Microsoft is dropping further development of its Smart Displays technology.
"After evaluating current market trends ... Microsoft is not at this time working on the next version of Smart Display technology," said Microsoft product manager Megan Kidd, adding that Microsoft and its hardware partners came to the decision to stop work on the Smart Display product in early December.
By submitting your email address, you agree to receive emails regarding relevant topic offers from TechTarget and its partners. You can withdraw your consent at any time. Contact TechTarget at 275 Grove Street, Newton, MA.
The first Smart Displays started shipping in January last year. The devices allow users to access their PC through a touch-screen display that can be carried about the home and that communicates with the PC using the 802.11b wireless networking standard, also known by the Wi-Fi marketing name.
ViewSonic and Philips are among the companies that have been selling Smart Displays. The Philips DesXscape 150DM is available online starting at about $1,185, while ViewSonic's Airpanel V110p is listed for $799.
Microsoft never perfected Windows CE for Smart Displays, the software that runs the devices. For example, the displays do not support concurrent logon so one person could use the PC at the desk with a fixed monitor and another could carry the Smart Display and use the PC that way. The devices also lack processing power for streaming video.
Microsoft chairman and chief software architect Bill Gates introduced the concept of Smart Displays, then codenamed Mira, at the Consumer Electronics Show (CES) in Las Vegas in 2002. Availability of the devices was announced at CES in 2003.
Microsoft promotional videos showed Smart Displays being used around a home, to view weather forecasts and read the news in the bathroom. The company called Smart Displays "the evolution of the monitor" and also suggested that flat-screen TVs could include the technology and act as monitors when needed.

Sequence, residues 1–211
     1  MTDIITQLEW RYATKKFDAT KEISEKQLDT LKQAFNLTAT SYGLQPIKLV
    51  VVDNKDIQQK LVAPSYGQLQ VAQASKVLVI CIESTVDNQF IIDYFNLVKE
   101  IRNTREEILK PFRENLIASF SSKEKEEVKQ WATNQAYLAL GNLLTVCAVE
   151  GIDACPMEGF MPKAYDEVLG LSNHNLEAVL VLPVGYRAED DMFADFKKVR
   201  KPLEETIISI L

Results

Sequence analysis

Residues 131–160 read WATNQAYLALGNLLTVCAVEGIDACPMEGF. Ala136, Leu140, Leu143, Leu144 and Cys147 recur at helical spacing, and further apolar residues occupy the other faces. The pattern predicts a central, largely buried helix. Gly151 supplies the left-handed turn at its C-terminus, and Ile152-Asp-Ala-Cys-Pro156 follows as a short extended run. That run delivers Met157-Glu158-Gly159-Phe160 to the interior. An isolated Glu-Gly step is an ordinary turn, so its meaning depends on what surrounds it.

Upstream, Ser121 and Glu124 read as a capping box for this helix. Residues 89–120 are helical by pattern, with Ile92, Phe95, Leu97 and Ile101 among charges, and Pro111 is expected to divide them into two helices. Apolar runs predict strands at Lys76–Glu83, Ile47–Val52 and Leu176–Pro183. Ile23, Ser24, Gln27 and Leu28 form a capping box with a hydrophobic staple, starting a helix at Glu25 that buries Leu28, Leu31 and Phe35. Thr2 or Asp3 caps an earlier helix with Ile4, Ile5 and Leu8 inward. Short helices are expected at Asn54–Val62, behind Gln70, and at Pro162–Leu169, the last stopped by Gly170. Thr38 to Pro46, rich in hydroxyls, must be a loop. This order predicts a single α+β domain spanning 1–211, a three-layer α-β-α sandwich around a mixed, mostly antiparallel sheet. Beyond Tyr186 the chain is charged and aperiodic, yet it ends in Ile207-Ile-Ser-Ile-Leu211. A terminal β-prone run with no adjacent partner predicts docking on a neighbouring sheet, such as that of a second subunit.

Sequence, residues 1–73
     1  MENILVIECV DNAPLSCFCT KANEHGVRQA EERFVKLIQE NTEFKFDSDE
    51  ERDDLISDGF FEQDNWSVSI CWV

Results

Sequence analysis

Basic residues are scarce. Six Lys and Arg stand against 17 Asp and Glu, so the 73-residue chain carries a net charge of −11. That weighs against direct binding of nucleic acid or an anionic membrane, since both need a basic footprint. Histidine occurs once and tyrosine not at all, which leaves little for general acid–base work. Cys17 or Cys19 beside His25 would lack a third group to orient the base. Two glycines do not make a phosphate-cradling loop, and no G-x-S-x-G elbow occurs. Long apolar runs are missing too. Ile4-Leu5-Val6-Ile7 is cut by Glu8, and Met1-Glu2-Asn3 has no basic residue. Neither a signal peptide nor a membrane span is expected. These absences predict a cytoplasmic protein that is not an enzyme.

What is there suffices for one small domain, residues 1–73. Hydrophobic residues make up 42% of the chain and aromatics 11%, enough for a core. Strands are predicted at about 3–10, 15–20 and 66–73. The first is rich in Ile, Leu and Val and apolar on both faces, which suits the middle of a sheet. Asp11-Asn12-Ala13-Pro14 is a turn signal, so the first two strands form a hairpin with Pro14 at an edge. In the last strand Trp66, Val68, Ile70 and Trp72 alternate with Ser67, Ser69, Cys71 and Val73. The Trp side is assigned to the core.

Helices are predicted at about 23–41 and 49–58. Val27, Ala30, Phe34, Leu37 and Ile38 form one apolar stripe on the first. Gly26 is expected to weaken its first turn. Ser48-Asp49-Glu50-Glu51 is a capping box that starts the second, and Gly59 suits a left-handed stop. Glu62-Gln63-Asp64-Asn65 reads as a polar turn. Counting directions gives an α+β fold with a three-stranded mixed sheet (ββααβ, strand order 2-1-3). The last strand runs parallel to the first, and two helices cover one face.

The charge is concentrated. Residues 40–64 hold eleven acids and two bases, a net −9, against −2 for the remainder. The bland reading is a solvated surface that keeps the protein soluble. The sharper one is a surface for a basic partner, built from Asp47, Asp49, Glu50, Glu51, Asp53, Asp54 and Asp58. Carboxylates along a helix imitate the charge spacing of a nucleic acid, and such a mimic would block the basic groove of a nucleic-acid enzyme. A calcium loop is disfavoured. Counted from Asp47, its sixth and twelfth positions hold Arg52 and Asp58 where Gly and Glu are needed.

"We are hearing that consumers are looking for ways to easily access the information that resides on their PCs in more relaxed settings, and Microsoft will continue to evaluate this market and work with partners to determine the best, and most cost efficient, way to meet this demand," Microsoft's Kidd said.
Dropping the Smart Display is a good move, said Tim Bajarin, president of technology consulting company Creative Strategies.
"A lot of us questioned that as a concept for quite a while. It is, in essence, a dumb mobile terminal. Tablet PCs at consumer level prices can fit in to that same role as the smart display, but be a full terminal instead of a dumb one," he added.
Jupiter Research senior analyst Joe Wilcox initially thought Smart Displays were a clever idea.
"Over time that idea looked dimmer and dimmer," he said, adding that Smart Displays suffered from their shortcomings and faced competition from affordable large LCDs and cheap notebook computers. "The deck was kind of stacked against Smart Displays almost from the start."
Still, ViewSonic continues to believe in the concept. "We are committed to the wireless monitor category and it would make sense for us to continue it," said spokesman Trevor Bratton. However, he declined to discuss what effect Microsoft's abandonment of Smart Displays will haveon ViewSonic.
Microsoft's Kidd promised that existing Smart Display owners will continue to be supported.
Joris Evers writes for IDG News Service